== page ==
there lived an old woman, who had a son named Micah.
The old woman was fond of money; she had eleven hun-
dred shekels of silver, which she kept hoarded up, and
found great pleasure in looking upon it and counting it
over occasionally.
Johnnie. How much is a shekel, grandfather ?
Grandfather. A shekel is about equal in value to a
half-crown. Well, this old woman's treasure suddenly
disappeared. She was very much enraged-so much that
she even forgot herself so far as to denounce a curse upon
whoever had taken it. I told you that this old woman
had a son named Micah; he had stolen the money, which
was wicked, for though it belonged to his mother he had
no right to touch it. Perhaps he thought he needed it
at the time, and intended to pay it again; in that case
he ought to have asked his mother for it, and not have
helped himself slyly; but it seems more probable that he
was not poor, but, like his mother, was fond of having
silver in his possession. Though Micah was wicked
enough to steal, he was not hardened enough to keep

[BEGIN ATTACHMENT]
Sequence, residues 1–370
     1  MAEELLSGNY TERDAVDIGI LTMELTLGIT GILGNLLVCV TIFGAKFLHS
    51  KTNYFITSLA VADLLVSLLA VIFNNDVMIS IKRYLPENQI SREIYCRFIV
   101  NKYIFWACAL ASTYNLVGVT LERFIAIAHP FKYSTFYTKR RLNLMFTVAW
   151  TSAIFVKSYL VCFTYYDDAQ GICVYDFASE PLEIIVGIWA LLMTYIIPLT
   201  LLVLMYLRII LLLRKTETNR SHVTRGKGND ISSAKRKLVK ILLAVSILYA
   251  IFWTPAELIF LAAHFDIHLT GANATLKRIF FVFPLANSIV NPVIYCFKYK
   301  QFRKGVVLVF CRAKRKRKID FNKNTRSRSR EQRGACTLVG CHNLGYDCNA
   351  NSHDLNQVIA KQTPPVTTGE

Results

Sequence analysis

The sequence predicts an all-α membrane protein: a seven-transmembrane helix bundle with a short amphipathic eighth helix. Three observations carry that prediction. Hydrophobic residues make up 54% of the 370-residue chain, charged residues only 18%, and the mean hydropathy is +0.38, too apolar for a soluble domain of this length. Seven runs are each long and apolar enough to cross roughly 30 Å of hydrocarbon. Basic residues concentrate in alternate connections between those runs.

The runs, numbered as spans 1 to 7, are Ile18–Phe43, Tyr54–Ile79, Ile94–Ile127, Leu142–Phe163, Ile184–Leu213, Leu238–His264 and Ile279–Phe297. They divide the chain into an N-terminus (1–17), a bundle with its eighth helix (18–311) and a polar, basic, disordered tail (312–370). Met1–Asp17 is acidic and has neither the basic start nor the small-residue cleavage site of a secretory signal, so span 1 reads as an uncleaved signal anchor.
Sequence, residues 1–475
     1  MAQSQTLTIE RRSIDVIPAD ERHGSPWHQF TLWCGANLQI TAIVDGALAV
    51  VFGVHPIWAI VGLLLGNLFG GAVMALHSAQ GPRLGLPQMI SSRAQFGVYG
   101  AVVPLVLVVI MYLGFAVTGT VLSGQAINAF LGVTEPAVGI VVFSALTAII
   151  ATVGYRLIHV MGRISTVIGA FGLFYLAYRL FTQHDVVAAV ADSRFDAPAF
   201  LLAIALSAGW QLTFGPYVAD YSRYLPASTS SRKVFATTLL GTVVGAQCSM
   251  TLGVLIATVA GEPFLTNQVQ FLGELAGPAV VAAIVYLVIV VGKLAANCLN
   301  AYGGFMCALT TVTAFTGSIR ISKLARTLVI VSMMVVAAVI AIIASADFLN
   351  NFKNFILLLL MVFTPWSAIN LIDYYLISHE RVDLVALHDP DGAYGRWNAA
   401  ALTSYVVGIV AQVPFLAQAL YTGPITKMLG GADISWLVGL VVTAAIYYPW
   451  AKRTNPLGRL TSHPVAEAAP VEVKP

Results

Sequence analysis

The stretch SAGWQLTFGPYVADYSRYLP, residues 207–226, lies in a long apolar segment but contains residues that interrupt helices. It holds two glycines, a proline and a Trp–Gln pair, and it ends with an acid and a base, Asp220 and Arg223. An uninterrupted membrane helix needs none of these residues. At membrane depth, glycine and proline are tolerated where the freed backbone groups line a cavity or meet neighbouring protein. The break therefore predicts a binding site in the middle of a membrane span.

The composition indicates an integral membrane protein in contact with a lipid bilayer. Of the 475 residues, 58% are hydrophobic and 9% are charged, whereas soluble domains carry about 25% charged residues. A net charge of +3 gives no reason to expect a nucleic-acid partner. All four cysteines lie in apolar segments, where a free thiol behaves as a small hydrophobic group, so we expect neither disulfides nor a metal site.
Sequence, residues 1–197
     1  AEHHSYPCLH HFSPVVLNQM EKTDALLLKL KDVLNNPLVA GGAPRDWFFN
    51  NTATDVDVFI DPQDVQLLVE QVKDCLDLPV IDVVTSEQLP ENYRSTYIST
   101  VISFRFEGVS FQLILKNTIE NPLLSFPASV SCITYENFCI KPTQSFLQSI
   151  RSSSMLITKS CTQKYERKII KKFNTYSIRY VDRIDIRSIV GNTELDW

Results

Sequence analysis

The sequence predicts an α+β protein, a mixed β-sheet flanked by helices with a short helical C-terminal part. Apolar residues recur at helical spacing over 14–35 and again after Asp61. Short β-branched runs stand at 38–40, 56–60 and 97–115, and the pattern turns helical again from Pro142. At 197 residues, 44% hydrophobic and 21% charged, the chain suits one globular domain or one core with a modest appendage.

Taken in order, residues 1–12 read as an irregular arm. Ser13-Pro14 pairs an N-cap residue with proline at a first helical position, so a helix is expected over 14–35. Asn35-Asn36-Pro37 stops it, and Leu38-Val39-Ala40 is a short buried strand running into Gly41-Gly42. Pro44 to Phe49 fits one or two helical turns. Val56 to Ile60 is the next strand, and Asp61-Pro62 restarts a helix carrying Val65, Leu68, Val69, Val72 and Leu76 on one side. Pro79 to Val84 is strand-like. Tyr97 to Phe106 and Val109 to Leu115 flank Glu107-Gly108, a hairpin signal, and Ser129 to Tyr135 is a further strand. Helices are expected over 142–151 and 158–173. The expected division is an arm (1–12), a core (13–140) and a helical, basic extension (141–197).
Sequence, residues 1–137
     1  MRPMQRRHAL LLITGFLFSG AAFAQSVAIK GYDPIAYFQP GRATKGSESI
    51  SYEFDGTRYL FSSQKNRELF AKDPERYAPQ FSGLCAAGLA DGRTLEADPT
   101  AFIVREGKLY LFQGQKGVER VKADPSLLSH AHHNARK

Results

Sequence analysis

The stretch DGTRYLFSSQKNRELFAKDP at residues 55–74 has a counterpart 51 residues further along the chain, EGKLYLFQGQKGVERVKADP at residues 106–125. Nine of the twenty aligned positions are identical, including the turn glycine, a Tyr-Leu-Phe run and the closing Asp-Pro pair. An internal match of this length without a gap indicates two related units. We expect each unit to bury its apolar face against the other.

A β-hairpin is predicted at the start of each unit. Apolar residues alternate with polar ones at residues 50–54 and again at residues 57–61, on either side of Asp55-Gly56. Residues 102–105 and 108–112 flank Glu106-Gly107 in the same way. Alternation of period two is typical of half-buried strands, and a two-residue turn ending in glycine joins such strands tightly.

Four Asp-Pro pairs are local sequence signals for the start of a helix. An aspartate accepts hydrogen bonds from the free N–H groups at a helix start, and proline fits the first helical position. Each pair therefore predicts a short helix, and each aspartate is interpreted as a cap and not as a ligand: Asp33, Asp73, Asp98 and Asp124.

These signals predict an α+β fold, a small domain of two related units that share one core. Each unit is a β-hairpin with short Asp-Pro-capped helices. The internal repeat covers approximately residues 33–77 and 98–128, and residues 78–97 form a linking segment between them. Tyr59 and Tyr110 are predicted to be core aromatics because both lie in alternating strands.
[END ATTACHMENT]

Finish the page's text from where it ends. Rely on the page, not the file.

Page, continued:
the money when his mother had sent a curse after it.
He confessed that he had taken it. His mother then
changed her curse into a blessing, and told him that she
had dedicated the silver to the Lord, to make with it a



graven and a molten image. He returned the money to
her, and she gave to the founder two hundred shekels,
that he might make a graven and a molten image. The
old woman took less than a fifth part of her money for
this purpose, which shewed how fond she was of it still.
Marianne. Was it not wrong, grandfather, to make
graven and molten images ? the second commandment
forbids the worship of images. Did Micah and his
mother know that ?
Grandfather. By their conduct we should suppose
they did not; but if so, their ignorance was criminal.
This story shews us the evil of covetousness. It made
Micah steal; it made his mother curse;-silver was their
god before it was formed into images by the founder.
Johnnie. Is that all the story, grandfather ?